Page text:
The perfect business card. What does it look like? This is the £64,000 question, right? A business card is the first impression someone gets of your company, and possibly the last chance you get to entice people to come to your website and look around. Without this humble paper introduction that usually follows a handshake, many business and retail establishments simply wouldn’t have existed.
Today, of course, there’s the Internet. People can go online and find you. It seems like the business card has had its day. But, it’s still there, waiting to be utilised to its full potential. Here’s how to do just that.
Create A Clear Positioning Statement
Set your positioning from the start. If you have a motto or slogan, put it front and centre. Let people know who you are and what you do before they see anything else. That way, they will not be confused about your business. Most people who throw away business cards do so because they’ve no interest in the business.
But, a good handful of that non-interest is because they cannot figure out what you do or – more specifically – what you can do for them. If you make that clear right on the front of the card, you have a much higher chance of them becoming a solid lead.
Make It Functional
You should always keep any marketing message on the card short and to-the-point. You’ll probably be printing up a lot of these cards, and using sites like StinkyInk.com for the printing ink, but that doesn’t mean you can take risks with the message.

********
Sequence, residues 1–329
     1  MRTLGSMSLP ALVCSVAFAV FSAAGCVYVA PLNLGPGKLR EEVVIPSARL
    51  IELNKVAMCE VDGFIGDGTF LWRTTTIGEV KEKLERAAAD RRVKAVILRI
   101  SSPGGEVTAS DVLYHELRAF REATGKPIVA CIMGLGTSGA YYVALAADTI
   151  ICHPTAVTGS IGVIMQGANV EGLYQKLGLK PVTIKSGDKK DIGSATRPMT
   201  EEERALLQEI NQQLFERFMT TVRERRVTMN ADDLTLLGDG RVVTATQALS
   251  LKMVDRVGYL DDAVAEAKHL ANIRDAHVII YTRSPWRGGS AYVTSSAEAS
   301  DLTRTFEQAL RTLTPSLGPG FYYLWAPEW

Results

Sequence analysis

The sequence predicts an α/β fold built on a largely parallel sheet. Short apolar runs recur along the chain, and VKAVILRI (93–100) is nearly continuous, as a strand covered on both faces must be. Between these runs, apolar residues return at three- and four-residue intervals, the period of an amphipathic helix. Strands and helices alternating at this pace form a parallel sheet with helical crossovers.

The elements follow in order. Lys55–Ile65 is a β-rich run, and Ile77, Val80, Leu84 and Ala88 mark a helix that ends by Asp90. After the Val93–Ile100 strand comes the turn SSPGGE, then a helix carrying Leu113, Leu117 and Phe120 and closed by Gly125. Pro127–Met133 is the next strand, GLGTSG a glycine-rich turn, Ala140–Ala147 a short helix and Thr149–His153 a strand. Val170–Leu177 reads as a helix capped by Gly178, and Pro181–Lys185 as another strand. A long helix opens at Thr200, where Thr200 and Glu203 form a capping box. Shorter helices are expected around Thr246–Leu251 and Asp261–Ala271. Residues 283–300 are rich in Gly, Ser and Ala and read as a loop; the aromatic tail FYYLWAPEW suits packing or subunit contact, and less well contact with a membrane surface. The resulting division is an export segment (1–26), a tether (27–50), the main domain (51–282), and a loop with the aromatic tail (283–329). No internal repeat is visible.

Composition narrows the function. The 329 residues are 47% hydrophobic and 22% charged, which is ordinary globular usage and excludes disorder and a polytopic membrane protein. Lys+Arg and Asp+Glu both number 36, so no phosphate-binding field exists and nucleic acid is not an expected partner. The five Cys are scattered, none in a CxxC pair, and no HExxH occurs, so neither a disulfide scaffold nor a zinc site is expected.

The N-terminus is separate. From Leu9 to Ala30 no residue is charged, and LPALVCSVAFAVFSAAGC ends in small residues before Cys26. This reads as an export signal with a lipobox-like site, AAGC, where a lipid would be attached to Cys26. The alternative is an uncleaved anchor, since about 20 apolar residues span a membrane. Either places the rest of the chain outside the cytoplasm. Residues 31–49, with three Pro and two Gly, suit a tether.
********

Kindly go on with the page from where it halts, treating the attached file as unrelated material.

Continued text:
Include your contact details, a one or two sentence statement about what makes you different from your competition, and also think about whether your card is sharable or encourages a future conversation. If it doesn’t, rethink it and try again. The goal is to hit them with a simple card, and get them in the door or on the phone.
Make It Minimal
You don’t need to jam up your card with a lot of text, colour, or fancy graphics. In fact, if the card is too busy, it might turn people off. Keep it simple, make use of white space, and have a clear and defined message. If you need additional space, use both the front and the back.
Target prospects with your card. If you leave 50 cards in a coffee shop, for example, think about what types of people stop in here and print up a batch for that market. If you hand out cards at trade shows, customise the card for the trade show.
If you don’t have the flexibility for something like this, use a QR code to offer people a “content upgrade” right there on the card. Or, include a link to a YouTube or Vimeo video you’ve made that will encourage people to visit your website.
Make It Practical
Some of the most interesting business cards are also practical. For example, a beer distributor might use a metal business card that also functions as a bottle opener. A pub might use a mock coaster for its business card. A printer could use a business card with a concealed edge useful for cutting, while a tailor might use a cloth business card that’s actually a sample of his premium material.
If there’s a way for you to work in your company’s offering or a sample, do it. Make your business card practical, and it will also be memorable. And that is exactly what you want.
John Sollars runs a successful printing ink business. Whenever he has the chance, he likes to share what has worked for him with others. You can read his articles mostly on business, marketing and technology websites. Follow John on Google+.